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Dubya’s daddy gets testy with critics

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November 22, 2006

Former President George H.W. Bush took on Arab critics of his son Tuesday during a testy exchange at a leadership conference in the capital of this U.S. ally.

“My son is an honest man,” Bush told members of the audience harshly criticized the current U.S. leader’s foreign policy.

The oil-rich Persian Gulf used to be safe territory for former President Bush, who brought Arab leaders together in a coalition that drove Saddam Hussein’s troops from Kuwait in 1991. But gratitude for the elder Bush, who served as president from 1989-93, was overshadowed at the conference by hostility toward his son, whose invasion of Iraq and support for Israel are deeply unpopular in the region.

“We do not respect your son. We do not respect what he’s doing all over the world,” a woman in the audience bluntly told Bush after his speech.

Bush, 82, appeared stunned as others in the audience whooped and whistled in approval.

A college student told Bush his belief that U.S. wars were aimed at opening markets for American companies and said globalization was contrived for America’s benefit at the expense of the rest of the world. Bush was having none of it.

“I think that’s weird and it’s nuts,” Bush said. “To suggest that everything we do is because we’re hungry for money, I think that’s crazy. I think you need to go back to school.”

The hostile comments came during a quesion-and-answer session after Bush finished a folksy address on leadership by telling the audience how deeply hurt he feels when his presidential son is criticized.

“This son is not going to back away,” Bush said, his voice quivering. “He’s not going to change his view because some poll says this or some poll says that, or some heartfelt comments from the lady who feels deeply in her heart about something. You can’t be president of the United States and conduct yourself if you’re going to cut and run. This is going to work out in Iraq. I understand the anxiety. It’s not easy.”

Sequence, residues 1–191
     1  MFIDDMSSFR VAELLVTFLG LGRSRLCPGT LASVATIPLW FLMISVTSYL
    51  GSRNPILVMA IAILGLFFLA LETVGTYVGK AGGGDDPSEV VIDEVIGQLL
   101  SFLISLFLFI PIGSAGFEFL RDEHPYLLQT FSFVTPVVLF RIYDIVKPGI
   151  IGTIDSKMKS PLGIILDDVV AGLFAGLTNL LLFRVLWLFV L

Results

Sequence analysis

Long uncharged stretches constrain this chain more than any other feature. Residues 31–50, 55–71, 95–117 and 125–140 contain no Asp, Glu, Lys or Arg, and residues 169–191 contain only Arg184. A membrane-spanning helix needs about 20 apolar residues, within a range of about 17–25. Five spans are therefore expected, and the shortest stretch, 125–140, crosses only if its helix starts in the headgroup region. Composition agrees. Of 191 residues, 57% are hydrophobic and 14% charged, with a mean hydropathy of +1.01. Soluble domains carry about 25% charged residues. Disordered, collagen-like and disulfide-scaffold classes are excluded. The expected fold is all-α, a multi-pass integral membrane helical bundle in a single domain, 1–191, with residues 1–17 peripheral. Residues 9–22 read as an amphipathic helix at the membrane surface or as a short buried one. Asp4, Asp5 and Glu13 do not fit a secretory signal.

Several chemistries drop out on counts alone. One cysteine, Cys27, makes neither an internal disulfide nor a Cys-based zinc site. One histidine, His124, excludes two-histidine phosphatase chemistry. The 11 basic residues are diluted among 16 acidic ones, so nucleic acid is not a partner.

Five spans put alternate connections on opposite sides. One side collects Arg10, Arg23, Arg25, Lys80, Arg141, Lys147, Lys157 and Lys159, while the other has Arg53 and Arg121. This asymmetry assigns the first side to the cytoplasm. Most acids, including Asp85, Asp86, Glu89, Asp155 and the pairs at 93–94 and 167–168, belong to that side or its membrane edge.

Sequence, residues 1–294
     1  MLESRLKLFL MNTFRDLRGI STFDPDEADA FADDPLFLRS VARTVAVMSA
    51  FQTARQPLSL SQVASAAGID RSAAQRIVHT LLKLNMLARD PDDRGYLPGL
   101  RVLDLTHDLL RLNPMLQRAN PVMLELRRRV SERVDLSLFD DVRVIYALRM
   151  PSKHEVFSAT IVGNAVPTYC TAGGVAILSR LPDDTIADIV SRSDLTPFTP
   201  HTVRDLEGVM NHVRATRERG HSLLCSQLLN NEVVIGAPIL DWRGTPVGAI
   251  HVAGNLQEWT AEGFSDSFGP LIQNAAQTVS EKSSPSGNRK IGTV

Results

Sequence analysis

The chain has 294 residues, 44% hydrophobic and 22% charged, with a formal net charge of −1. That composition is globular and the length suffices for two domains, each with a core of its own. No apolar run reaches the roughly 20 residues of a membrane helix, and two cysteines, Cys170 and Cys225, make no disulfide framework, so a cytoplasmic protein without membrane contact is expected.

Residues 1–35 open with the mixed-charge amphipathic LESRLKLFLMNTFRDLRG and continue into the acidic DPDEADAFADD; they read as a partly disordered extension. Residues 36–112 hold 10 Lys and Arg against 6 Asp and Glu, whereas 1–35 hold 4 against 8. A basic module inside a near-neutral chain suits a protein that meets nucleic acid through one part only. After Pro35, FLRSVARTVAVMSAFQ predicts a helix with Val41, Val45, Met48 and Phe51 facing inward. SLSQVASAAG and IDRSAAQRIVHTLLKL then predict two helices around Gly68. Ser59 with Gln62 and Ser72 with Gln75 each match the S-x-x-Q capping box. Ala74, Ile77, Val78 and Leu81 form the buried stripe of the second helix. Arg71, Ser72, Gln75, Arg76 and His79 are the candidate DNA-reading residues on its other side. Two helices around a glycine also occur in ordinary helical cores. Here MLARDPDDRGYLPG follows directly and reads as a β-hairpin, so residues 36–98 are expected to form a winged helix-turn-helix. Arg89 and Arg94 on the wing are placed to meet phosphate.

Bush also told the audience its derisive hoots were mild compared to the reaction he got in Germany in the 1980s, after persuading the country to deploy U.S. nuclear missiles.

He told the audience — including dozens of women in black robes and head scarves — he was extremely proud of his sons, President George W. Bush and Florida Gov. Jeb Bush.

He said the happiest day of his life was election day in 1998 when George and Jeb were elected to the governorships of Texas and Florida, but he also described the pain he feels when his sons are attacked.

“I can’t begin to tell you the pride I feel in my two sons,” Bush said. “When your son’s under attack, it hurts. You’re determined to be at his side and help him any way you possibly can.”

One audience member asked the former president what advice he gives his son on Iraq.

Bush said the presence of reporters in the audience prevented him from revealing his advice. He also declined to comment on his expectations for the findings of the Iraq Study Group, an advisory commission led by Bush family friend and his former Secretary of State James A. Baker III and former Rep. Lee Hamilton. The group is expected to issue its report soon.

“I have strong opinions on a lot of these things. But the reason I can’t voice them is, if I did what you ask me to do — tell you what advice I give my son — that would then be flashed all over the world,” Bush said.

“If it happened to deviate one iota, one little inch, from what the president’s doing or thinks he ought to be doing, it would be terrible. It’d bring great anxiety not only to him but to his supporters,” he added.

Bush said he’d spoken with Baker recently — the two are neighbors in Houston — but preferred to reminisce about old times than discuss what America ought to do in Iraq.

“In the early 1960s, Jim Baker and I were the men’s doubles champions in tennis in the city of Houston,” Bush said with a grin. “If I were to suggest what they ought to do, it just would not be constructive and certainly would not be helpful to the president. It would cause grief to him.”

Bush said he was surprised by the audience’s criticism of his son.

“He is working hard for peace. It takes a lot of guts to get up and tell a father about his son in those terms when I just told you the thing that matters in my heart is my family,” he said. “How come everybody wants to come to the United States if the United States is so bad?”


Copyright © 2006 The Associated Press

5 Responses to Dubya’s daddy gets testy with critics

  1. Ted

    November 22, 2006 at 7:59 pm

    “My son is an honest man.” rings of “Read my lips no new taxes.”

    It is disgustingly obvious that lying runs rampant in the Bush family.

  2. Ray

    November 22, 2006 at 8:19 pm

    If thier lips are moving, they are lying. All of them are Liars.

  3. Steve Vaspra

    November 23, 2006 at 12:32 am

    Not everyone wants to come to America. Those who do want to because not all Americans are arrogant, imperialistic, lying tyrants like the Bush family and their Republican cronies.

  4. jim

    November 23, 2006 at 12:34 am

    So Bush 41 goes back to his financial roots and is suprised at the bashing of Bush 43. Obviously the acorn did not fall far from the tree in this oil influenced family.

  5. Bill

    November 23, 2006 at 3:55 pm

    Not everyone wants to emigrate to the USA, Mr Ex-President, and even if they did, it is in spite of you and your foul offspring.